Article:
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Page concurred, troubled, for example, that the grandparents were criticized for not fully acknowledging the girls’ “special needs” (although testing revealed that neither child qualified for services). These long-distance grandparents, Page noted, “are rarely able to spend any time with the children, which would understandably account for a less-detailed knowledge” of their needs, he said.
Page questioned, too, how the decision about “better” is made. Affluence? Better education? And what role do culture and race play? The Dunnings and the girls are African-American. The Grossers are white.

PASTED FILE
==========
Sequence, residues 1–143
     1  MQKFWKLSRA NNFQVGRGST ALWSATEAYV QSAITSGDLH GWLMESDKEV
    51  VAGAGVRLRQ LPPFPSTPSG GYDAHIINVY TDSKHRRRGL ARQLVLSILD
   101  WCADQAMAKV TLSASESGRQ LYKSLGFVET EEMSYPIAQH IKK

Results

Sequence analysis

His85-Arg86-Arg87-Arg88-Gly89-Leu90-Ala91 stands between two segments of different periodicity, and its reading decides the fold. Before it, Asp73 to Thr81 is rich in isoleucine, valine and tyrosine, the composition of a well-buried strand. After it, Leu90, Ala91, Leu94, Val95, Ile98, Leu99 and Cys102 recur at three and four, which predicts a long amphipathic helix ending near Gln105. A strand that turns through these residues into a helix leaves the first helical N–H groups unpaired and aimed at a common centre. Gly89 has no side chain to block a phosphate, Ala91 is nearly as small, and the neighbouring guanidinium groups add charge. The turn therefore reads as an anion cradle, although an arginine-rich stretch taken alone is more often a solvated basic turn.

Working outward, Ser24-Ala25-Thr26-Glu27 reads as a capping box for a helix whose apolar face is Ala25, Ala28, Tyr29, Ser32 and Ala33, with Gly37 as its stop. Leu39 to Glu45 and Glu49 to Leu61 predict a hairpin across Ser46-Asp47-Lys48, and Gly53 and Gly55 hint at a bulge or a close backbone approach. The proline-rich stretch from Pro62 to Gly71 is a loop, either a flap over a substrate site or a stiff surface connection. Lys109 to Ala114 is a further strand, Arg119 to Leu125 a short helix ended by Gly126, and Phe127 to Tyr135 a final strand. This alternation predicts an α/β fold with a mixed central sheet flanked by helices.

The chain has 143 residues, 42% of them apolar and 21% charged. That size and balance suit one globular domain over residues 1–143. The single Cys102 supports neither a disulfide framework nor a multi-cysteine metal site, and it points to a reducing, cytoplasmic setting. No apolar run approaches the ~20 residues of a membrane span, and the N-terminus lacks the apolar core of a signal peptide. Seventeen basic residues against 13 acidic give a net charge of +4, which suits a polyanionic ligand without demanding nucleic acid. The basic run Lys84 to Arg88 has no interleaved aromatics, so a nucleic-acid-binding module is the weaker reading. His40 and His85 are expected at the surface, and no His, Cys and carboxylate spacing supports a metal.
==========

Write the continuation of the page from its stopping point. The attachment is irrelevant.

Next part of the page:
Dunning isn’t waiting for an answer on that. This grandmother will be back in Minneapolis for a rally April 22. And she’s exploring taking her case to the U.S. Supreme Court.
“The system is broken,” she said. “This isn’t over by a long shot.”
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